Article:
When we combined these three selected ERCC1 SNPs, we found that patients with 2–3 risk genotypes had significantly increased risk of gastric cancer compared with those with 0–1 risk genotypes. In the stratified analysis, we also found that the effect of the rs2298881 AC/CC genotypes on cancer risk was more evident in subgroups of females, current-smokers, never drinkers, NGCA and clinical stage I+II and that quite similar results were for rs11615 variant AG/AA genotypes, especially in younger subjects, females, current-smokers, ever drinkers, NGCA and clinical stage I+II. However, after FPRP was calculated for these significant findings, only the findings for never drinkers, NGCA and clinical stage I+II remained significant for the patients with 2–3 risk genotypes. Therefore, some of our findings from the stratified analysis may be chance findings because of reduced sample sizes in the subgroups. For example, we found that the ever-drinkers had a more evident risk (OR = 1.75, 95% CI = 1.16–2.64) than the never-drinkers (OR = 1.51, 95% CI = 1.18–1.93); however, based on the FPRP calculation, the risk found for the ever-drinkers was not significant for a prior probability of 0.01. This may be ascribed to the reduction of sample sizes, for there were more never-drinkers than ever-drinkers in our current study. Tobacco smoke-related carcinogens may induce various kinds of DNA damage that mainly removed by the NER pathway [30]. If unrepaired, such DNA damage may lead to mutations and thus the initiation of carcinogenesis. For example, DNA adducts identified in fetal blood may increase subsequent risk of developing cancer in the adulthood [31]. For current smokers, the effect of genetic instability on cancer risk may be augmented by accumulated DNA damage caused by continued cigarette smoking. Females may be more susceptible to second-hand smoke or affected by indoor air pollution from unventilated coal-fueled stoves and from cooking fumes [32]. Gastric cancer includes NGCA and GCA, and GCA is localized to the gastroesophageal junction and differs from NGCA in epidemiological characteristics and clinical features [4], [33]. Finally, the finding that patients with 2–3 ERCC1 risk genotypes had increased risk of having early-stage cancer may suggest that the observed risk could be genetic susceptibility as the cause for carcinogenesis of the target tissue rather than tumor progression that could be driven by additional mutational events [34].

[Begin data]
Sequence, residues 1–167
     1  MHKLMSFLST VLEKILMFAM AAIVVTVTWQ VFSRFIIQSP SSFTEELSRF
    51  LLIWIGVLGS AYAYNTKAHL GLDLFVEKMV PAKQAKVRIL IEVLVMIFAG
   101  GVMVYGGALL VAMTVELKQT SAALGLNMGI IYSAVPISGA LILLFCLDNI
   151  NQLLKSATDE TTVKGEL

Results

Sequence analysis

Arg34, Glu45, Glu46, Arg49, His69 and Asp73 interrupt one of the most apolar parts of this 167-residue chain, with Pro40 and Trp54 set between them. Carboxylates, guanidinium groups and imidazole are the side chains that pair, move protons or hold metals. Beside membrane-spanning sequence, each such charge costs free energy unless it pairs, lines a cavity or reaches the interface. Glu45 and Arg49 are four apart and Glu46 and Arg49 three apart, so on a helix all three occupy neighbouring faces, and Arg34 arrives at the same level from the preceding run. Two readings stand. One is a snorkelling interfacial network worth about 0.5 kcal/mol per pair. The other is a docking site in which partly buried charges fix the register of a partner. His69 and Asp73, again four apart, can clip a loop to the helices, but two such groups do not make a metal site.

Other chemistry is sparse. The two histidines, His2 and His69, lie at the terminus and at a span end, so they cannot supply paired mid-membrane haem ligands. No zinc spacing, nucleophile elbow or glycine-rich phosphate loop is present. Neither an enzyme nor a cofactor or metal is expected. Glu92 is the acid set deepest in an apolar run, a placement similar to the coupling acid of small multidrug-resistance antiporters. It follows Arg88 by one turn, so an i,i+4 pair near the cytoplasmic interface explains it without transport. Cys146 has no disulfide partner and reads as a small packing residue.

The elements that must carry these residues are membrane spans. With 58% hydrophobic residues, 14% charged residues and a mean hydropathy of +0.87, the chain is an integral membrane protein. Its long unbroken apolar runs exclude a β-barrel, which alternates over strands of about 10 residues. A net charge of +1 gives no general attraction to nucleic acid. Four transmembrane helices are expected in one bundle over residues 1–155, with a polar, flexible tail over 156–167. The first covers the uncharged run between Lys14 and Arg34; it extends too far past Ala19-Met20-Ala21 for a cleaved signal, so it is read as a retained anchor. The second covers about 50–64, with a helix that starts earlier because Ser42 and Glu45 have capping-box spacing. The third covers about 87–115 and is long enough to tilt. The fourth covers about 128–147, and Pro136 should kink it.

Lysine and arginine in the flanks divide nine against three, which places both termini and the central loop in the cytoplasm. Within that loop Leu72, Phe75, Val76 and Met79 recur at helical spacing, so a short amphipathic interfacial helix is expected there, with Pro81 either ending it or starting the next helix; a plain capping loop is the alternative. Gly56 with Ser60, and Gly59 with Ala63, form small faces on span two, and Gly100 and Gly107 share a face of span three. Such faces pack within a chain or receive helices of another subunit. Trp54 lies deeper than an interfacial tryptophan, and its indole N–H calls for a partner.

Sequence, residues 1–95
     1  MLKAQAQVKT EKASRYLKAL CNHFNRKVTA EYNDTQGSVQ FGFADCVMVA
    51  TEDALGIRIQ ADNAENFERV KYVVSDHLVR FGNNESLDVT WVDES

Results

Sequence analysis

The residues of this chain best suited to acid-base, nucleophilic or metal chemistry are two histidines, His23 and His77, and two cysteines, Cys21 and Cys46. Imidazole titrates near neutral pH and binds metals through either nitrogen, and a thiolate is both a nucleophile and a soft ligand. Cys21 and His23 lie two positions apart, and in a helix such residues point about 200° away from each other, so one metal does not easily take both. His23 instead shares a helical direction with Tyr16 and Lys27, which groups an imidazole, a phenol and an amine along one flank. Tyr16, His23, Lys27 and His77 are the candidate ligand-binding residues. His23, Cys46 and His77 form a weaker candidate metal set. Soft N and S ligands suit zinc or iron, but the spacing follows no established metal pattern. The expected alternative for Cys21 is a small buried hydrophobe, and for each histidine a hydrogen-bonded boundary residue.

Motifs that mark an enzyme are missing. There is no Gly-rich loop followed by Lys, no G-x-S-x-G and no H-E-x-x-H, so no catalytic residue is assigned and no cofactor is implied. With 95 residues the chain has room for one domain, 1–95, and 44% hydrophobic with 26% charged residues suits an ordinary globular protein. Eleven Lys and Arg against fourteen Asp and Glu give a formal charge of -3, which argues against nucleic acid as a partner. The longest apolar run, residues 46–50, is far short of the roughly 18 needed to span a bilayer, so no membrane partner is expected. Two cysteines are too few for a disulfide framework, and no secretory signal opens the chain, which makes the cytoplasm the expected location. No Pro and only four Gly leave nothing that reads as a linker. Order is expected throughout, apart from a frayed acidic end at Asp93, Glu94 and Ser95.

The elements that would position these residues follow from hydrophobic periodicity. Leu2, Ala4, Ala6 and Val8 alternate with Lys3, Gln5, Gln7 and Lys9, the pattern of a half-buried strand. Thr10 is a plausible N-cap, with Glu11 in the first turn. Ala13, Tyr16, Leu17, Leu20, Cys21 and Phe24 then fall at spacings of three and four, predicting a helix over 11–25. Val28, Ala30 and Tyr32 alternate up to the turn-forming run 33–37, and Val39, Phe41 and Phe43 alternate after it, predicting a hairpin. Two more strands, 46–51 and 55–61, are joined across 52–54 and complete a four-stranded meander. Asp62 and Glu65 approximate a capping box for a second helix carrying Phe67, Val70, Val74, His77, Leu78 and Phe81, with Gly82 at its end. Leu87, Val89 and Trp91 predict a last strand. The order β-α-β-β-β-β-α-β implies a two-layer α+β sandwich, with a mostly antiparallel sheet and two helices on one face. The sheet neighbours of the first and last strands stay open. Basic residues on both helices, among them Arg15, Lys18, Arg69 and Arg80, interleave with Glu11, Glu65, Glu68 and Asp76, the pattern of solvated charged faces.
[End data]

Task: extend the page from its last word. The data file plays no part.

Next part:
In summary, this large hospital-based case-control study provided statistical evidence that ERCC1 rs2298881 and rs11615 SNPs, but not ERCC4 SNPs, were associated with gastric cancer risk in an Eastern Chinese population, particularly for never-drinkers, patients with NGCA and early clinical stages. However, the present study had several limitations. First, the patients were selected from FUSCC that did not have a well-defined catchment area for the cases in Eastern China as the TZL study for the controls, which may have selection bias and information bias. Second, only three potential functional SNPs of ERCC1 and two of ERCC4 were investigated in the present study, which did not cover all SNPs of the ERCC1/XPF complex. Finally, we did not have reliable and sufficient information on other environmental exposures, such as dietary intake, occupation and H. pylori infection, due to the nature of the retrospective study design. Because our patients were mainly from Eastern China, it would be ideal to have a multi-center based replication to validate our findings. Without such replication, our findings should be considered preliminary. With such preliminary findings from the present study, we hope more cancer research centers or laboratories in China and other regions of the world with a high incidence of gastric cancer to validate our findings with larger sample sizes, more complete information on dietary intake, occupation and H. pylori infection.

Supporting Information

Table S1.

SNPs captured by the selected three ERCC1 functional SNPs as predicted by SNPinfo software.

doi:10.1371/journal.pone.0049308.s001

(DOC)

Table S2.

SNPs captured by the selected two ERCC4 functional SNPs as predicted by SNPinfo software.

doi:10.1371/journal.pone.0049308.s002

(DOC)

Table S3.

Frequency distribution of demographic characteristics of gastric cancer cases and cancer-free controls.

doi:10.1371/journal.pone.0049308.s003

(DOC)

Author Contributions

Conceived and designed the experiments: Q-YW Y-NW. Performed the experiments: JH YX. Analyzed the data: JH L-XQ. Contributed reagents/materials/analysis tools: JL X-YZ M-HS J-CW Y-JY LJ. Wrote the paper: JH Q-YW Y-NW.